Thomas Sowell

After the big gamble on subprime mortgages that led to the current financial crisis, is there going to be an even bigger gamble, by putting the fate of a nation in the hands of a man whose only qualifications are ego and mouth?

Barack Obama has the kind of cocksure confidence that can only be achieved by not achieving anything else.

Anyone who has actually had to take responsibility for consequences by running any kind of enterprise-- whether economic or academic, or even just managing a sports team-- is likely at some point to be chastened by either the setbacks brought on by his own mistakes or by seeing his successes followed by negative consequences that he never anticipated.

The kind of self-righteous self-confidence that has become Obama's trademark is usually found in sophomores in Ivy League colleges-- very bright and articulate students, utterly untempered by experience in real world.

The signs of Barack Obama's self-centered immaturity are painfully obvious, though ignored by true believers who have poured their hopes into him, and by the media who just want the symbolism and the ideology that Obama represents.

The triumphal tour of world capitals and photo-op meetings with world leaders by someone who, after all, was still merely a candidate, is just one sign of this self-centered immaturity.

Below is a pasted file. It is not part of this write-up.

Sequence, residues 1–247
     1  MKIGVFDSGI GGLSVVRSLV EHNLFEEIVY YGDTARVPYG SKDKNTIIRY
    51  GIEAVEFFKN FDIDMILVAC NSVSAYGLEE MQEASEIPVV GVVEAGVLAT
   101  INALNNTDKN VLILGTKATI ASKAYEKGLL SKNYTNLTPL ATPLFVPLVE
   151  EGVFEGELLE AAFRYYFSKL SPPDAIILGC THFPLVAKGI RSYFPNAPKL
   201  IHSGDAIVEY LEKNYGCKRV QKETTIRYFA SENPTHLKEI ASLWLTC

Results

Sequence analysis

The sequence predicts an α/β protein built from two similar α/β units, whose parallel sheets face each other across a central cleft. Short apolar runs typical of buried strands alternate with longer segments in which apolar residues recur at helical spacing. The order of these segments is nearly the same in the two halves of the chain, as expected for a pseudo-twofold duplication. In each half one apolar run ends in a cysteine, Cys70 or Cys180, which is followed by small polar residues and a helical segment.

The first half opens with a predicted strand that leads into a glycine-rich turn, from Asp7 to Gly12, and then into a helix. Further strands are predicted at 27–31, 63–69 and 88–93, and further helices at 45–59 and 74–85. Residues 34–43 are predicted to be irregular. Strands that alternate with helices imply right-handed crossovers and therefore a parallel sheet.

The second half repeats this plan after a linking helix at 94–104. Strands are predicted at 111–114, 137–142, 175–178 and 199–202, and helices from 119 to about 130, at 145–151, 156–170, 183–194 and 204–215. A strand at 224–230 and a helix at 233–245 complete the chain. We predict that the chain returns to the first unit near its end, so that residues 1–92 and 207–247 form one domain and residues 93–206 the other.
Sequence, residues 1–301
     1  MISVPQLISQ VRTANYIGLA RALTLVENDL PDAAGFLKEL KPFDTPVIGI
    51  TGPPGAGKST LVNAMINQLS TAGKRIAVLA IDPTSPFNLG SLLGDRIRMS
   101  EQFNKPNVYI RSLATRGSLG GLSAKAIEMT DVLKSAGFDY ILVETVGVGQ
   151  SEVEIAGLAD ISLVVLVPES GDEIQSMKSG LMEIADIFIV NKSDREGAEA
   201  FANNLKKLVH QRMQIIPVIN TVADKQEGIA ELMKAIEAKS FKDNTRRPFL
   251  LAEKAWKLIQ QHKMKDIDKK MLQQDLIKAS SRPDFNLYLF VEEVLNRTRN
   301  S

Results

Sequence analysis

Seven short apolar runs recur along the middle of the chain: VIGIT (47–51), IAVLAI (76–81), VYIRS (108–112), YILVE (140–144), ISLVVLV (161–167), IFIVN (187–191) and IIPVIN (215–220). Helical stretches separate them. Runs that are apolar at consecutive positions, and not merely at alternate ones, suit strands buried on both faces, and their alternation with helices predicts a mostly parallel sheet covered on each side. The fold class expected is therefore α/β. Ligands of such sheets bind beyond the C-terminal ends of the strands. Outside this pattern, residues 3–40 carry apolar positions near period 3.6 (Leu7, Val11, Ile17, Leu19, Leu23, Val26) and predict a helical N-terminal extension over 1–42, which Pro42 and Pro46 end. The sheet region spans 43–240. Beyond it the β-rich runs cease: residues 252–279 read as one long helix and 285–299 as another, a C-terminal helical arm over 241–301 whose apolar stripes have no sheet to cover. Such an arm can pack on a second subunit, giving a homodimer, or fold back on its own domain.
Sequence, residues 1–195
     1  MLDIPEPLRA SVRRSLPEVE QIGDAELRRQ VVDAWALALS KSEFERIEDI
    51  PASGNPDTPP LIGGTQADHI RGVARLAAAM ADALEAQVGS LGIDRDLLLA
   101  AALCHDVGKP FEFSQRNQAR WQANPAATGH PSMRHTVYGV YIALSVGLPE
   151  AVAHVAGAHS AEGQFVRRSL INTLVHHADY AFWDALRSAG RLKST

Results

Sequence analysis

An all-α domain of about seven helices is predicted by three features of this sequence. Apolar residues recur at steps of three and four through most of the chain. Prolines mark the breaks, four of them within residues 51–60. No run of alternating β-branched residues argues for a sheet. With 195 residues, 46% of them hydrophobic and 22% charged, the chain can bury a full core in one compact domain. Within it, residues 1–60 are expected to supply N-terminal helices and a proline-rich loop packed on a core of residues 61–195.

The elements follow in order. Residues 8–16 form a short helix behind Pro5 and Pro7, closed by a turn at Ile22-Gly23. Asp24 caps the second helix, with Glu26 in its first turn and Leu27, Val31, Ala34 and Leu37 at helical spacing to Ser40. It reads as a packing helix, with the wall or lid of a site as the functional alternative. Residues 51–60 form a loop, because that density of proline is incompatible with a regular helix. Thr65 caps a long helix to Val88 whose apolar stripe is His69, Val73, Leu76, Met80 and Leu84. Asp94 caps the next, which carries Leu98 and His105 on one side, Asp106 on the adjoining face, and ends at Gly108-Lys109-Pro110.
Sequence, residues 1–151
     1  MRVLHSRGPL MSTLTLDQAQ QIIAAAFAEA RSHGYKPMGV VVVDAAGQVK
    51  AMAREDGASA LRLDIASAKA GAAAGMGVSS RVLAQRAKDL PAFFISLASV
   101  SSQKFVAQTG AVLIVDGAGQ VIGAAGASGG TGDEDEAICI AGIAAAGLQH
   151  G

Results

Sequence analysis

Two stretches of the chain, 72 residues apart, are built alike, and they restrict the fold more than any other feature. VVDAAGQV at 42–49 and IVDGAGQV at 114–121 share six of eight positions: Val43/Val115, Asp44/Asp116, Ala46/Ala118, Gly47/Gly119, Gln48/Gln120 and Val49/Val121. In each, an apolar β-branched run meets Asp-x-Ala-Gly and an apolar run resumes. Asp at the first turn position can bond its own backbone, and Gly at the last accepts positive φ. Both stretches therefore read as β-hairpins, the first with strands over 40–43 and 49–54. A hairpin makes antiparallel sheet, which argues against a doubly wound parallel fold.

"This is our time!" he proclaimed. And "I will change the world." But ultimately this election is not about him, but about the fate of this nation, at a time of both domestic and international peril, with a major financial crisis still unresolved and a nuclear Iran looming on the horizon.

For someone who has actually accomplished nothing to blithely talk about taking away what has been earned by those who have accomplished something, and give it to whomever he chooses in the name of "spreading the wealth," is the kind of casual arrogance that has led to many economic catastrophes in many countries.

The equally casual ease with which Barack Obama has talked about appointing judges on the basis of their empathies with various segments of the population makes a mockery of the very concept of law.

After this man has wrecked the economy and destroyed constitutional law with his judicial appointments, what can he do for an encore? He can cripple the military and gamble America's future on his ability to sit down with enemy nations and talk them out of causing trouble.


Thomas Sowell

Thomas Sowell is a senior fellow at the Hoover Institute and author of The Housing Boom and Bust.

Creators Syndicate